With Pistons’ win over Hornets, close loss to Heat, Troy Weaver’s vision is starting to show

CHARLOTTE, N.C. — Detroit Pistons basketball has never been pretty. Not at its peak. Not at rock bottom.

Its highest point, of course, resulted in two championships in the late 1980s and early 1990s, as well as a run in the 2000s that culminated with a championship in 2004. Its lowest point, in modern times, was last year (a 17-win season), the year before and the year before that, as Detroit began a rebuild with a bunch of teenagers and 20-somethings in hopes of one day mimicking those days of glory.

Both ends of the spectrum didn’t produce beautiful basketball. Not how we know it today. We know the difference, though. Defense. Elite defense turned the “Bad Boys” Pistons of the ’80s and ’90s and the “Goin’ to Work” Pistons of the 2000s into NBA juggernauts. That end of the floor turned good players into Hall of Famers. Those eras created a standard, a style of play synonymous with the people paying money to go watch — hard-working, gritty and, in the end, overcomers.

That’s what general manager Troy Weaver has tried to get back to since taking over in 2020. He said publicly he wants to put a team on the floor that would make Isaiah Thomas proud. He wants Joe Dumars to smile. He wants Ben Wallace’s approval. He’s exhausted the word defense every time he has spoken publicly. Weaver has wanted to create something the people of Detroit remembered seeing or, depending on age, heard about.

Yet, since the rebuild began, the qualities that made up Detroit’s greatest days have been nonexistent. There’s been no identity. Defense? What’s that? The Pistons have spent the last three seasons prioritizing collecting talent. It’s hard to hang your hat on anything until you do that.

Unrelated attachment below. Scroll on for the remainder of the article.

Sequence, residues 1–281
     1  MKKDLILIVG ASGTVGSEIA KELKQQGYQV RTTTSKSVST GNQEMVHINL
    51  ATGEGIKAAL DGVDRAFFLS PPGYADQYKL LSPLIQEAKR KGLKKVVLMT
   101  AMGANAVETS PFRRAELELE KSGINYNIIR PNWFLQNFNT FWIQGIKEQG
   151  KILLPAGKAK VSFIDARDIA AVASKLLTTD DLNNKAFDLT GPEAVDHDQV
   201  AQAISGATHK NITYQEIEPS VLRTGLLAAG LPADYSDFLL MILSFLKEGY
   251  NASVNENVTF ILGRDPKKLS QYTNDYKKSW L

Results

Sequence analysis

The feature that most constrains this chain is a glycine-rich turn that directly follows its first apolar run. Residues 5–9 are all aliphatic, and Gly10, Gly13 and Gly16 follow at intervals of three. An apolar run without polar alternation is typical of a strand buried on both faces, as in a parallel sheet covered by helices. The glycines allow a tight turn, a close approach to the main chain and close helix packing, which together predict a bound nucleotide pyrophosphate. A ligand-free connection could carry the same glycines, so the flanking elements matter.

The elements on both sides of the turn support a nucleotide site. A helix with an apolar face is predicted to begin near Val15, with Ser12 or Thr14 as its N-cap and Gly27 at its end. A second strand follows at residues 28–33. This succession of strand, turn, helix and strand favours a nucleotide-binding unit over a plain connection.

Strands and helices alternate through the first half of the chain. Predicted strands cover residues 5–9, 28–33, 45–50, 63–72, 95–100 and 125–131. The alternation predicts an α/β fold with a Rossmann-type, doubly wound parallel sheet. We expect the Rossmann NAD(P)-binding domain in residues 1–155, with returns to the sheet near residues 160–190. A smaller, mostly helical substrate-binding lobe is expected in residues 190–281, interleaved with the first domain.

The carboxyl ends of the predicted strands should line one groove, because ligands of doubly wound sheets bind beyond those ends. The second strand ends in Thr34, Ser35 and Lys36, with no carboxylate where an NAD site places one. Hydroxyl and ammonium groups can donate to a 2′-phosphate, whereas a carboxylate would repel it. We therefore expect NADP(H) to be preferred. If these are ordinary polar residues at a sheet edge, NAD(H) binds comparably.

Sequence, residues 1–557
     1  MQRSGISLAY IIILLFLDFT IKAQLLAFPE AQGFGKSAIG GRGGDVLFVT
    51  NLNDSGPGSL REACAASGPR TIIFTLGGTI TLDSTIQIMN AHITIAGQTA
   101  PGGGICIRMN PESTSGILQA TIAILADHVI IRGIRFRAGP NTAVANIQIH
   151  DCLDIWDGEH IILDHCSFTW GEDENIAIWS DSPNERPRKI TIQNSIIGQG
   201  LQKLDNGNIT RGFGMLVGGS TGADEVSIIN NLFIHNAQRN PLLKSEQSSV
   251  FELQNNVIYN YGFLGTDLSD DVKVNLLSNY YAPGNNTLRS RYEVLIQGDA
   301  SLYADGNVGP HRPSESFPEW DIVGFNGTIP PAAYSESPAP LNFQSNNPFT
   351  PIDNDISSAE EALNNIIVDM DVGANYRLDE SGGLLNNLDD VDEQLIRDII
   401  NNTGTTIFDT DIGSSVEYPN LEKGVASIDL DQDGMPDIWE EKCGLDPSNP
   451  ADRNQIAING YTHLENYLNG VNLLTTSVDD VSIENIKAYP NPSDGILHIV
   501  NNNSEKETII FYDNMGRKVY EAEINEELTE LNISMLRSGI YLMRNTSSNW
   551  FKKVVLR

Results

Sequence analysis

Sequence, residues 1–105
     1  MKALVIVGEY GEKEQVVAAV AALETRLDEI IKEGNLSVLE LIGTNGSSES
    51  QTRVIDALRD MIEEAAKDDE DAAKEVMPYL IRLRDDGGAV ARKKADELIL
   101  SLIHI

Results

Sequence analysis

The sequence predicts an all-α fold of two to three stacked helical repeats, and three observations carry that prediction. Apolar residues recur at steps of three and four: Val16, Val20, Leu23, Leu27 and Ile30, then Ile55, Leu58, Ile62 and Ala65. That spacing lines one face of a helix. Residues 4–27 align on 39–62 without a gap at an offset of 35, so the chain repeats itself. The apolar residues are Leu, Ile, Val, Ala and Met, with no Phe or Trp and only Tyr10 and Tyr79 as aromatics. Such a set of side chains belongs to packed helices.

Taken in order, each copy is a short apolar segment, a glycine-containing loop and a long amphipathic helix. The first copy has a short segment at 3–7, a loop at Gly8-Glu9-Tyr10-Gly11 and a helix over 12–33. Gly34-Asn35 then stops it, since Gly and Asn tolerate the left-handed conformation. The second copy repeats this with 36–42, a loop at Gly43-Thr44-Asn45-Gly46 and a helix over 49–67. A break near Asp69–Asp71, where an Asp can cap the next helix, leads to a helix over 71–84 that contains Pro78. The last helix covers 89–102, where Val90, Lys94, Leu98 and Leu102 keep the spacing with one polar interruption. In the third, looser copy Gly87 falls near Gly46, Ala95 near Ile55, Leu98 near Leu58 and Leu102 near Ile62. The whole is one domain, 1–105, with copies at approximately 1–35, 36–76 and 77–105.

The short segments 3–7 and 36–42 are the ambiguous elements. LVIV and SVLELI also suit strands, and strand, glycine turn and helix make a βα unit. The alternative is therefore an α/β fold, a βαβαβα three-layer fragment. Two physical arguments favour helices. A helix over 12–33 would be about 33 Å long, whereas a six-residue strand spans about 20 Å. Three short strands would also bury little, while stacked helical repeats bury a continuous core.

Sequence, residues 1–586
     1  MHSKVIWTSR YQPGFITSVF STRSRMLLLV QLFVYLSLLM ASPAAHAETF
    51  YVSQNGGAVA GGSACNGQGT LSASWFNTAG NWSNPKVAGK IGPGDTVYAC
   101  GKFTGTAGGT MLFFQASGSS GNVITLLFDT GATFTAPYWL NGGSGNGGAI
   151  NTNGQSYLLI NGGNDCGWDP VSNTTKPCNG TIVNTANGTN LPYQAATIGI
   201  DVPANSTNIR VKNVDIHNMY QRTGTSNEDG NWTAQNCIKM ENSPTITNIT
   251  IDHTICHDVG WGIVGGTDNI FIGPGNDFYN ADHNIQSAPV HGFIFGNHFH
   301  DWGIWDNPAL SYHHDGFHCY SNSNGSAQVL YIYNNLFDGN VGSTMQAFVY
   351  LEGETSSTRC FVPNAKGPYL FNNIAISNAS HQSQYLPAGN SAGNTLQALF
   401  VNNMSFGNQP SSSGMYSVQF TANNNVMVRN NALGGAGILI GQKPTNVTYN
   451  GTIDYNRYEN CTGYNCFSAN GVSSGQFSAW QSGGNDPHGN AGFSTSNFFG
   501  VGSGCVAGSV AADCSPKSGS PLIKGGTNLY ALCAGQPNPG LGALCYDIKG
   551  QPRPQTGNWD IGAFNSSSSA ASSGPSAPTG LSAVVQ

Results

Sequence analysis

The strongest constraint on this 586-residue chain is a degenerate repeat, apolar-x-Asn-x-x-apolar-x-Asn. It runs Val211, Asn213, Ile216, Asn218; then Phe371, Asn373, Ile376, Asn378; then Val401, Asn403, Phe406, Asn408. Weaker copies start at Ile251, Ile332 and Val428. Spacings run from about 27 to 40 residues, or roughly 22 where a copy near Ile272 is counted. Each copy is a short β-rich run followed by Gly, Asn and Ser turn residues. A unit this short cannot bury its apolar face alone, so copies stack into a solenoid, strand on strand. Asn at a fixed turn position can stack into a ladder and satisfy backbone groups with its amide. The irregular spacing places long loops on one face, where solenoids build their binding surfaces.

Now, though, things feel different. Two games in, in the fourth year of the rebuild, Weaver’s vision is starting to reveal itself. Finally. After losing to the Miami Heat 103-102 in their season-opening game Wednesday, the Pistons marched into Charlotte and took down the Hornets 111-99. It’s the first time since 2019 that Detroit has held back-to-back opponents to under 105 points in a game. For context, the NBA scoring average was 114 a season ago. The Pistons are putting up these defensive performances all while committing 39 turnovers over two games.

The basketball isn’t pretty, but when has Detroit basketball ever been? The Pistons are a turnover or made bucket away from being 2-0. Why? Because they’re defending.

Weaver’s vision appears to be revealing itself.

“As I told you before, when you have those kinds of turnover numbers and fouls, you have to do something to offset it,” coach Monty Williams said. “It was the defense tonight. I mean, (the Hornets) shot 37 percent from the field. You don’t see that much in an NBA game.

“I thought our physicality had a lot to do with it, guarding the ball had a lot to do with it.”

Sound familiar?

This isn’t a proclamation that Detroit is back. It’s too soon to do that. Nor am I in any way, shape or form comparing this 1-1 basketball team to two of the greatest squads in NBA history. This is an attempt at showing that there, finally, might be an answer to “What is this team’s vision?” since the rebuild began. You don’t take the defending Eastern Conference champions down to the wire with 14 first-half turnovers for 21 points unless you defend. You don’t hold an NBA team to 99 points, in their house, with 23 turnovers to your name and win unless you defend.

The Pistons are still young. In fact, Detroit has the youngest starting lineup in the league. Its oldest player is 22. It’s not going to be perfect anytime soon. Youthful teams make youthful mistakes. But the Pistons, to this point, can overcome those childish errors because they’re defending at a high level. They’re learning they don’t need to try to make up for the turnovers with pressing offense because the defense can hold them down. They’re learning good defense turns into easy offense.